Referring now to FIG. 10, auxiliary input/output circuit 78 comprises a plurality of storage registers 138 and D-to-A convertors 140 coupled to data-out bus 68. The D-to-A convertors 140, provide analog voltages, typically over a 0-10 volt range for driving strip chart recorders, or other analog signal display devices. Each D-to-A convertor and register comprises a data output channel. The channels are individually selected for output under control of address decoder and timer circuit 142. The address decoder and timer circuit is coupled to control bus 62 and address bus 64 in the usual fashion. Also coupled to circuit 142 is alarm device 144 which may be energized under computer control in instances where the operator's attention is required. circuit 78 further comprises a plurality of analog inputs 146, which may be coupled to temperature sensing thermocouple devices 148 used to determine the temperature (or to separate transducers for pressure) at strategic points within the fuel delivery conduit. These measurements may, in turn, be used in analyzing the mass flow data and for correcting temperature (or pressure) dependent effects. For example, as previously described, the speed of transmission of an ultrasonic pulse CT across conduit 12 is a function of fluid temperature.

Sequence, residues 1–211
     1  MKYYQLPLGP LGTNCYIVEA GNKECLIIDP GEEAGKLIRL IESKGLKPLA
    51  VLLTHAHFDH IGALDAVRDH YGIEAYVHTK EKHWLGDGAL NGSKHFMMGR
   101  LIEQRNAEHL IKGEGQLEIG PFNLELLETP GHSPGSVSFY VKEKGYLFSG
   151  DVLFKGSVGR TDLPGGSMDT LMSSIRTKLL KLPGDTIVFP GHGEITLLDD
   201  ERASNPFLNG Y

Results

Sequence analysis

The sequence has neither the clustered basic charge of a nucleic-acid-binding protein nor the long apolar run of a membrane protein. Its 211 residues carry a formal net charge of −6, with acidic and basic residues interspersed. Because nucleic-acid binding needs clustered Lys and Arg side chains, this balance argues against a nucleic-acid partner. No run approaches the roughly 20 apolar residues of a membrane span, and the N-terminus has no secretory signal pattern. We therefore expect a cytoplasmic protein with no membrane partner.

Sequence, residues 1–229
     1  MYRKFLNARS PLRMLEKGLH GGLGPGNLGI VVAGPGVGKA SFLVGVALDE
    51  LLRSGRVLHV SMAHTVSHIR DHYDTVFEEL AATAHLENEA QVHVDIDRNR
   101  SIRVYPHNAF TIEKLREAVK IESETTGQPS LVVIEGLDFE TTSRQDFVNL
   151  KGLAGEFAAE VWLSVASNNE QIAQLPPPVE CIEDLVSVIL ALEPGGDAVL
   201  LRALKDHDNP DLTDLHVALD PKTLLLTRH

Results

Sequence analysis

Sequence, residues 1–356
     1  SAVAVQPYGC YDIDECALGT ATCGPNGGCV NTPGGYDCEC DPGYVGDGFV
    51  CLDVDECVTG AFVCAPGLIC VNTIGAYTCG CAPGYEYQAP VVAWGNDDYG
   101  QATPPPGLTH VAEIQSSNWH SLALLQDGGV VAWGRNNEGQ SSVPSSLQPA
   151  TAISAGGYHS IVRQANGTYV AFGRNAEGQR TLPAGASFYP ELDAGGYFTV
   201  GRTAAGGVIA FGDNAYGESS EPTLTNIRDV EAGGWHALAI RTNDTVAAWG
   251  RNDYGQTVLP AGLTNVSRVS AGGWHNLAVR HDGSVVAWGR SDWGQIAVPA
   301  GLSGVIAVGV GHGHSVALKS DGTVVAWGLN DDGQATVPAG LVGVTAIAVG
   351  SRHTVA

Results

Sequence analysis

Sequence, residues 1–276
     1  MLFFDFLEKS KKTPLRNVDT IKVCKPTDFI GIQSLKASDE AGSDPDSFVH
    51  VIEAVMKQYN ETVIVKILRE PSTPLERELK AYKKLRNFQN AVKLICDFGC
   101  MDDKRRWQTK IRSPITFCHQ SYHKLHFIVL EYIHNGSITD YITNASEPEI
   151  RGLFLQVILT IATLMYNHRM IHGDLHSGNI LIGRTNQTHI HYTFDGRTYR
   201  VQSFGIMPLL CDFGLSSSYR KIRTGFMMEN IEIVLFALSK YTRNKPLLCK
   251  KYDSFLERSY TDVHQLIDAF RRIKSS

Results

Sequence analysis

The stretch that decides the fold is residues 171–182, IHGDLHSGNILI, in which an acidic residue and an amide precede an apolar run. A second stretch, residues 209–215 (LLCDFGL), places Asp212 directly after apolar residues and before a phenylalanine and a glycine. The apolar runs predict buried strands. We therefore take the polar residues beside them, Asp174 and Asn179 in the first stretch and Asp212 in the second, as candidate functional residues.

As an alternative to measuring temperature by a thermocouple, temperature may be determined if the time of flight of the ultrasonic signal within the gas is known. Such time of flight measurement may be accomplished by using a counter which is incremented by a timing signal, for example, the 16 MHz clock signal between the pulse width signal until an output is sensed from amplifier 84. Such time of flight measurements would be made when the gas is at a known temperature to provide a baseline measurement which would be compared against later measurement to determine gas temperatures. Analog inputs 146 are coupled to multiplexer circuit 150, which selectively interrogates each analog input individually and provides a single output through programmable gain instrument amplifier 152 and sample and hold circuit 154 to an A-to-D convertor 156. The A-to-D convertor 156 is, in turn, coupled to the data-in bus 66. Multiplexer 150 selectively interrogates the analog inputs in accordance with instructions received from control circuit 142, and the gain of amplifier 152 is also controlled by circuit 142.